Dress lightly when you have a fever. This will help your body cool down. Wear light pajamas or a light undershirt. Do not wear very warm clothing or use heavy bed covers. Keep room temperature at 70°F (21°C) or lower.
If you are unable to measure your temperature, you need to look for other symptoms of illness every hour while you have a fever and follow home treatment measures.
|Try a nonprescription medicine to help treat your fever or pain:|
Talk to your child’s doctor before switching back and forth between doses of acetaminophen and ibuprofen. When you switch between two medicines, there is a chance your child will get too much medicine.
|Be sure to follow these safety tips when you use a nonprescription medicine:|
Be sure to check your temperature every 2 to 4 hours to make sure home treatment is working.
Symptoms to Watch For During Home Treatment
Use the Check Your Symptoms section to evaluate your symptoms if any of the following occur during home treatment:
- Level of consciousness changes.
- You have signs of dehydration and you are unable to drink enough to replace lost fluids.
- Fever lasts longer than 4 days.
- Other symptoms develop, such as pain in one area of the body, a cough, or urinary symptoms.
- Fever recurs more than once over 3 weeks.
- Symptoms become more severe or frequent.
The best way to prevent fevers is to reduce your exposure to infectious diseases. Hand-washing is the single most important prevention measure for people of all ages.
Preparing For Your Appointment
To prepare for your appointment, see the topic Making the Most of Your Appointment.
You can help your health professional diagnose and treat your condition by being prepared to answer the following questions:
- What is the history of your fever?
- When did you fever start?
- How often do you have a fever?
- How long does your fever last?
- Does your fever have a pattern?
- Are you able to measure your temperature? How high is your fever?
- Have you had any other health problems over the past 3 months?
- Have you recently been exposed to anyone who has a fever?
- Have you recently traveled outside the country or been exposed to immigrants or other nonnative people?
- Have you had any insect bites in the past 6 weeks, including tick bites?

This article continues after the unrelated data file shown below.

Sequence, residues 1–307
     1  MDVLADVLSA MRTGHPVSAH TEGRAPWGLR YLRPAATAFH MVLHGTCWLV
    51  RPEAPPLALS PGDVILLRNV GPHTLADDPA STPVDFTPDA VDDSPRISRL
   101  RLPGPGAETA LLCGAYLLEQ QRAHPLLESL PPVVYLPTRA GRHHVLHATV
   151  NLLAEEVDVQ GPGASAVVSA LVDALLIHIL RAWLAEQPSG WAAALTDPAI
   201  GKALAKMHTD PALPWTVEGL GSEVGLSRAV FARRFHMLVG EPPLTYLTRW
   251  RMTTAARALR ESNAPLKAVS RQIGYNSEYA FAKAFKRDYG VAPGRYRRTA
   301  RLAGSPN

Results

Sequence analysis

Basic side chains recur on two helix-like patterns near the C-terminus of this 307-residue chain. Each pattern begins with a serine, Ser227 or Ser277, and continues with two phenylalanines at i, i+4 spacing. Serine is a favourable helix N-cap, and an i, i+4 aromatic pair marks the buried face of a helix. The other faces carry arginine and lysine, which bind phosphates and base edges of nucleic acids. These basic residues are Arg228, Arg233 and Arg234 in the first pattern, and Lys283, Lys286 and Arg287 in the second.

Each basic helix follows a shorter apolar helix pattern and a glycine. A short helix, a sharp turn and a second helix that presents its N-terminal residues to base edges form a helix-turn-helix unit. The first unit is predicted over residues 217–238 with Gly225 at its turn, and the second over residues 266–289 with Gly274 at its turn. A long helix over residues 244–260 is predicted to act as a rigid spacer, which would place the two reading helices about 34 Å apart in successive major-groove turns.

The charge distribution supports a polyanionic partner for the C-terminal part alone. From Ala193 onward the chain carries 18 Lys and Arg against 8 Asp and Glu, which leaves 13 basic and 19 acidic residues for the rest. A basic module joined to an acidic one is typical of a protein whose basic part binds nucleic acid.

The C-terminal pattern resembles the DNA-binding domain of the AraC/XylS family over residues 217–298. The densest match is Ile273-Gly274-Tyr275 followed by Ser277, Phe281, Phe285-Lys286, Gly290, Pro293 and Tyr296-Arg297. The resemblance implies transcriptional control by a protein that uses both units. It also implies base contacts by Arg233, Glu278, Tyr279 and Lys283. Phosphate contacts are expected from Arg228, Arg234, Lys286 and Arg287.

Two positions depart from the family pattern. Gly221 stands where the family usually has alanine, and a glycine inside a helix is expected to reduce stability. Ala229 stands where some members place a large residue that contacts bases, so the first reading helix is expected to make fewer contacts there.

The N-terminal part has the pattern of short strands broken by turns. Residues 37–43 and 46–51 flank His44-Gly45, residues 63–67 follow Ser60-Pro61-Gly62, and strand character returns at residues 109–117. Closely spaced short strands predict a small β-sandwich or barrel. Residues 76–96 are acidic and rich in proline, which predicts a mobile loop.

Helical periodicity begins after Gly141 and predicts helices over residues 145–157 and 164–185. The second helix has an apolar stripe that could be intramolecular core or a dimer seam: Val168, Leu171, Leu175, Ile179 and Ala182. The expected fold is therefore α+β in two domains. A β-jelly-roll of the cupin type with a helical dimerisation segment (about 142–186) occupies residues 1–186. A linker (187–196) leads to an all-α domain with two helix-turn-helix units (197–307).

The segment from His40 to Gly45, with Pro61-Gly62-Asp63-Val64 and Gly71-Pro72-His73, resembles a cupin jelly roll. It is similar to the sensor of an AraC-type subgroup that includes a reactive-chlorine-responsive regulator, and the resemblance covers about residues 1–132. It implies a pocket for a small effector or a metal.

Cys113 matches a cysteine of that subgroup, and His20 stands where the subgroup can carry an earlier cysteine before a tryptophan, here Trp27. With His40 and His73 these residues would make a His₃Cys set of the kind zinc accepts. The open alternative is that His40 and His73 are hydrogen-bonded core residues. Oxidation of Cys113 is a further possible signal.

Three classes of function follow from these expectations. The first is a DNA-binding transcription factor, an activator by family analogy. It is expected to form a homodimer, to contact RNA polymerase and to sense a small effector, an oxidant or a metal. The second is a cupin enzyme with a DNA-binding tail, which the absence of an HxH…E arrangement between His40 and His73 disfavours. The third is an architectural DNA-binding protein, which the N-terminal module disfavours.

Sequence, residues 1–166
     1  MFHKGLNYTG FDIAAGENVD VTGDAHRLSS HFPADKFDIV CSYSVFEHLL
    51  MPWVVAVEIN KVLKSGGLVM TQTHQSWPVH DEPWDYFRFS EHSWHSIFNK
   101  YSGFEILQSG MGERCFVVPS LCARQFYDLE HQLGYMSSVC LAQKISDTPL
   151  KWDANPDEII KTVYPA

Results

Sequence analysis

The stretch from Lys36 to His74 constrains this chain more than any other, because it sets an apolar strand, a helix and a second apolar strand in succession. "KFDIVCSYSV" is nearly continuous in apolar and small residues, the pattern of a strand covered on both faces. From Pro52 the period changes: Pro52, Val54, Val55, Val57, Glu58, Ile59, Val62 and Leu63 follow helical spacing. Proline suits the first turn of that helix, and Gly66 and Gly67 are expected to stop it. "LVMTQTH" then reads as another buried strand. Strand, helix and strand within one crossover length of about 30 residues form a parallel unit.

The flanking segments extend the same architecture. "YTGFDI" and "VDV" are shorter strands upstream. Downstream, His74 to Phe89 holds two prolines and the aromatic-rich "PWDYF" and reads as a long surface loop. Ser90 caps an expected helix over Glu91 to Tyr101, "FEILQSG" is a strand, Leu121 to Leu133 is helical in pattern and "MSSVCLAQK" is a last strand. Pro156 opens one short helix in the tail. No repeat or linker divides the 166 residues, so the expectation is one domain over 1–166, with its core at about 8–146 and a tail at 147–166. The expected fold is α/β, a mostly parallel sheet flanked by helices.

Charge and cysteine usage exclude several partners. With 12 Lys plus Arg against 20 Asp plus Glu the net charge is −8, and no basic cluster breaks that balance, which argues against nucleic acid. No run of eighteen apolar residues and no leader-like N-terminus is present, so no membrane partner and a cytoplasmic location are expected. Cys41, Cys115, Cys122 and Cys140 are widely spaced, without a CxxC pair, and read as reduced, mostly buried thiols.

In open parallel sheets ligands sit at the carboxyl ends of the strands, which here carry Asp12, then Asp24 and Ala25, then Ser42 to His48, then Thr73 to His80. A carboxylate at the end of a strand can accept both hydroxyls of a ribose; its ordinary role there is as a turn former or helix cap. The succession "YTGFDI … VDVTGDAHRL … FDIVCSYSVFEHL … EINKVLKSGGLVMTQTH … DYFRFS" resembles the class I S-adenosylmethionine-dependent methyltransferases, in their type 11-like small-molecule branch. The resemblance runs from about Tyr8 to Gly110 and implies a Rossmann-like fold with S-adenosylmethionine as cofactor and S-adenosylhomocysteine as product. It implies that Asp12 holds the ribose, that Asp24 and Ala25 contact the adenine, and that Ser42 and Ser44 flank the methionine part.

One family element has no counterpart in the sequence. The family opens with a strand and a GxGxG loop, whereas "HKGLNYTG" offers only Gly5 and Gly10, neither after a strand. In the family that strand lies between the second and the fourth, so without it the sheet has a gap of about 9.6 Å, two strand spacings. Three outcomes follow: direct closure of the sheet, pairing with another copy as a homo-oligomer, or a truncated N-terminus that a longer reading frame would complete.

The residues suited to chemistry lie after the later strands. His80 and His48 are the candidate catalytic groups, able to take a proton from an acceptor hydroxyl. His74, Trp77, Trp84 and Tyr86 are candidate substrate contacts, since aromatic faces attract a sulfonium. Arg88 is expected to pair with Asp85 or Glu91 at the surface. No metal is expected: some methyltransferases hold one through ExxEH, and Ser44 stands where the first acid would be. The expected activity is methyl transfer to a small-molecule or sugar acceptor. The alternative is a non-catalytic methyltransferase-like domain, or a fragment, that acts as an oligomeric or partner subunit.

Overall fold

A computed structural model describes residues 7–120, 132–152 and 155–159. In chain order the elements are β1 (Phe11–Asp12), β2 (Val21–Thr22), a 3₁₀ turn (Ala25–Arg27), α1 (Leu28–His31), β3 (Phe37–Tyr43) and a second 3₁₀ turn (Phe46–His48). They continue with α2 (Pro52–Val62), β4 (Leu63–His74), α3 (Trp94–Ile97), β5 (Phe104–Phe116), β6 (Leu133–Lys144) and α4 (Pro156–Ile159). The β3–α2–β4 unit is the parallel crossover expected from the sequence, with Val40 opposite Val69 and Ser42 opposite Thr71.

- What home treatment measures you have tried? Did they help?
- What nonprescription medicines have you taken? Did they help? Keep a fever chart of what your temperature was before and after home treatment.
- Do you have any health risks?
Other Places To Get Help
|Centers for Disease Control and Prevention, Travelers' Health|
|1600 Clifton Road|
|Atlanta, GA 30333|
The CDC's Travelers' Health Web site provides health information for the traveler. The Web site provides information on immunizations that are needed for travel to various areas of the world. It also provides information for safe travel, including traveling with children and with people who have special needs. Information about current outbreaks of disease in the world is also provided. The CDC is the leading federal agency for protecting U.S. citizens' health and safety by providing credible health information and health promotion.
- Abdominal Pain, Age 11 and Younger
- Abdominal Pain, Age 12 and Older
- Ear Problems and Injuries, Age 11 and Younger
- Ear Problems and Injuries, Age 12 and Older
- Fever Seizures
- Respiratory Problems, Age 11 and Younger
- Respiratory Problems, Age 12 and Older
- Sore Throat
- Urinary Problems and Injuries, Age 11 and Younger
- Urinary Problems and Injuries, Age 12 and Older
|Author||Jan Nissl, RN, BS|
|Editor||Susan Van Houten, RN, BSN, MBA|
|Associate Editor||Tracy Landauer|
|Primary Medical Reviewer||H. Michael O'Connor, MD - Emergency Medicine|
|Primary Medical Reviewer||William M. Green, MD - Emergency Medicine|
|Specialist Medical Reviewer||Andrew Swan, MD, CCFP, FCFP - Family Medicine|
|Specialist Medical Reviewer||Kathleen Romito, MD - Family Medicine|
|Last Updated||September 2, 2009|